Air-1 flies over central New York, but funding cuts has made the Sheriff look elsewhere.
“I don’t so much care about the fact that we’re saving lives, I care that it’s costing Onondaga County taxpayers money for the time we’re outside of the county.”
— Onondaga County Sheriff Kevin Walsh
continued Air One advantage
Air-1 has one major advantage over Mercy Flight Central, Walsh said.
“It’s used primarily for police work,” he said. Of the 1,028 calls that Air-1 responded to in 2010, nearly 1,000 were police work — lighting up dark areas, following high-speed pursuits and searching for lost hunters or dementia patients. The helicopter is also the only in the area with a Bambi Bucket, allowing for 500 gallons of water to be dropped on a remote or large-scale fire.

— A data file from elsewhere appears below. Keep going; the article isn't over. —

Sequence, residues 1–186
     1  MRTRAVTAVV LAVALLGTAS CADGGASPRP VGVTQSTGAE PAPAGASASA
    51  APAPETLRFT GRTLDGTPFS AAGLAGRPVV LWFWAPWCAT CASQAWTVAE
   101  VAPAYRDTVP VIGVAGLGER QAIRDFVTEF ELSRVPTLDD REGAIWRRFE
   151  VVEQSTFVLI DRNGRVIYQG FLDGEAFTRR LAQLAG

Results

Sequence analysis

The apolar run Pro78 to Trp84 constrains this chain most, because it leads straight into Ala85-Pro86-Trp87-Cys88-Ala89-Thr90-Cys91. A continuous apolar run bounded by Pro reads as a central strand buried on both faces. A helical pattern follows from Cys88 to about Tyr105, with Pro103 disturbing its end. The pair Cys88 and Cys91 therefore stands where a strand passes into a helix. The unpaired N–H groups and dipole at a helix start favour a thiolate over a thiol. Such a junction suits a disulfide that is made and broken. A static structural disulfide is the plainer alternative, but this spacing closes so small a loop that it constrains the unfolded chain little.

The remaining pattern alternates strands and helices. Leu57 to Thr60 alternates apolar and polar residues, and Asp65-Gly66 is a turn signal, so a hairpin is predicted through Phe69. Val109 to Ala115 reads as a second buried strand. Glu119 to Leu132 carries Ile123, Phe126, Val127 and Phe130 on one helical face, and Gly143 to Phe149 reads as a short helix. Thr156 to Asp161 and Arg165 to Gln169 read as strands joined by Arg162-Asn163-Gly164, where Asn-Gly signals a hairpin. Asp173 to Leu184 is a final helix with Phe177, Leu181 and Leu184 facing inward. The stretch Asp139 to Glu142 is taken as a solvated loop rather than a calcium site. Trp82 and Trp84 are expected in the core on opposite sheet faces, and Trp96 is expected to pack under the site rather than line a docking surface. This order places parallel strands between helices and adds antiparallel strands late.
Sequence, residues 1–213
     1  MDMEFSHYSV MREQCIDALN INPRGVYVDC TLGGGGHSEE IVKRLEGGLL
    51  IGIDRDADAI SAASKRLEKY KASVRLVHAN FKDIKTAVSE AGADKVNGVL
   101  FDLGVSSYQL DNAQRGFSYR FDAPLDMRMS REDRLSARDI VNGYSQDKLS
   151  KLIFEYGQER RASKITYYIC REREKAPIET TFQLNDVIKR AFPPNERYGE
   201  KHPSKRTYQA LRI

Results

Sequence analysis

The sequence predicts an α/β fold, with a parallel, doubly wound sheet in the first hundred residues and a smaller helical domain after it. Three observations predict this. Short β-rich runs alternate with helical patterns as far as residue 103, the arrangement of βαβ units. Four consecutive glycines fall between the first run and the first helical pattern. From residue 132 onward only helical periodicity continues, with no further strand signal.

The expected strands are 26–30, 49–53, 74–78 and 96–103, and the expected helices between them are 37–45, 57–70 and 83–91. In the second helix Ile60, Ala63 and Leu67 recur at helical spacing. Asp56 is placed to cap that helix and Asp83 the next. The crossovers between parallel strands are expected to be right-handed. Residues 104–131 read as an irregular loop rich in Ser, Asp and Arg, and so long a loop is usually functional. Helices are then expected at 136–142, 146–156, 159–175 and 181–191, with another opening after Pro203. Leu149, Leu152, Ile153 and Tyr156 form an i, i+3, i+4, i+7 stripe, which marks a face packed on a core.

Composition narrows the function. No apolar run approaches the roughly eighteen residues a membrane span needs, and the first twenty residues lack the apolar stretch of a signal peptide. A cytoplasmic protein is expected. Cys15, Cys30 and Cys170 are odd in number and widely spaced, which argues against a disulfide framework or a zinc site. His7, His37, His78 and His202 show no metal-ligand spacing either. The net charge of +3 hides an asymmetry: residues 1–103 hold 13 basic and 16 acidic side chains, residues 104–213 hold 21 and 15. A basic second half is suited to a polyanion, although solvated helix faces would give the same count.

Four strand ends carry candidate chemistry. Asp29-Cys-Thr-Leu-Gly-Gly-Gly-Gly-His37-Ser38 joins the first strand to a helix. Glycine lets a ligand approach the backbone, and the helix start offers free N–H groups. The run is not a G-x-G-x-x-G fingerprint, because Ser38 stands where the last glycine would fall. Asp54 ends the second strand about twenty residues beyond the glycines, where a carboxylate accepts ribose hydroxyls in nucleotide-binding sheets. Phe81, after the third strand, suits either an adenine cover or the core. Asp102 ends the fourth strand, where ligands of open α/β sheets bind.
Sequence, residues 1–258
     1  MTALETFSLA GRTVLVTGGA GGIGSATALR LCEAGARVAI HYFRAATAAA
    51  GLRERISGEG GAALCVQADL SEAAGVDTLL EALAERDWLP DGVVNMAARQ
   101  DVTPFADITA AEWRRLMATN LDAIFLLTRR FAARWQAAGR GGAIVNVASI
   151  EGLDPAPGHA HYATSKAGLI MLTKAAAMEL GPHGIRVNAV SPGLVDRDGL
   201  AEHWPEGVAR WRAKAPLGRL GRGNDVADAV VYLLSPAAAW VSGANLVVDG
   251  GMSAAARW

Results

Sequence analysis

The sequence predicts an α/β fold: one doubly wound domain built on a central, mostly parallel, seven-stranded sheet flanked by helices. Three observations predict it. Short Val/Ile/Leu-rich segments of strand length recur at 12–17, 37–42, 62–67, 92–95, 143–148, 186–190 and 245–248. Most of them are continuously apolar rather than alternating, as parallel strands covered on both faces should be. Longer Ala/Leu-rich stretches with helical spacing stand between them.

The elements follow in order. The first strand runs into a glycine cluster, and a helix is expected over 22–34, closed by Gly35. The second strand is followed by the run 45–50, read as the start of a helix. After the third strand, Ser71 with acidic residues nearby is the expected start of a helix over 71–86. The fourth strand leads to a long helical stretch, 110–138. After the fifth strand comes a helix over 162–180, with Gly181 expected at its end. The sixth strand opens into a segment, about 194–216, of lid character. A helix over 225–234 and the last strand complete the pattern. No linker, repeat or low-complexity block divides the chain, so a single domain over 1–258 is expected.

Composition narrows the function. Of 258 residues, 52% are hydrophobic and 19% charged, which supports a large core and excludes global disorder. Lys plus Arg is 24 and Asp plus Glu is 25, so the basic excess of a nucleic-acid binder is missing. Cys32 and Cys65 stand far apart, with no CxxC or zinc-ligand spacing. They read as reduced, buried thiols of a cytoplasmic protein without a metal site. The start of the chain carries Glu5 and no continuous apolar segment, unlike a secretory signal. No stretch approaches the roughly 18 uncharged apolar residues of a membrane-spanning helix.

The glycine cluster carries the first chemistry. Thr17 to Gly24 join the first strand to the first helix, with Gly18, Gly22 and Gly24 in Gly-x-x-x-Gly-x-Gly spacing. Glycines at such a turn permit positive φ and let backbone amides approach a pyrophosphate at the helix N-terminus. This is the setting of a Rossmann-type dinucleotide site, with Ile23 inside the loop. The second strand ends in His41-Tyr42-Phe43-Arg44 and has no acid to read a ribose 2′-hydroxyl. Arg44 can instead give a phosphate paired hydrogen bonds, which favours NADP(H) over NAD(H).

The 12-year-old helicopter splits air time with the New York State Police helicopter. The county’s helicopter is used to fly between 4 p.m. and 2 a.m. daily, staffed with four pilots who double as deputy sheriffs.
“I think we should emphasize we’re the only ship that does all three things: police work, rescues and medical transports,” Walsh said. “Mercy Flight can not do police and rescue work. They don’t do, and can’t do, that work.”
Walsh says eliminating the availability of Air-1 could mean limited searches for police work.
“Equipment on the ground is good for about a mile, the helicopter is good for about seven miles,” he said. “It makes for a quicker search.”
“Central New York doesn’t use helicopters as much in the overall scheme of things. I don’t think there’s a culture here of using air medical services.”
— Neil Snedeker, president of Mercy Flight Central
Air-1 works to cover Onondaga County as a priority, Walsh said.
“The biggest advantage of Air-1 is that it’s the only helicopter that 97 percent of the time is exclusively in Onondaga County,” he said. “Air-1 spends less than 3 to 5 percent of its time outside Onondaga County and those are in emergency situations.”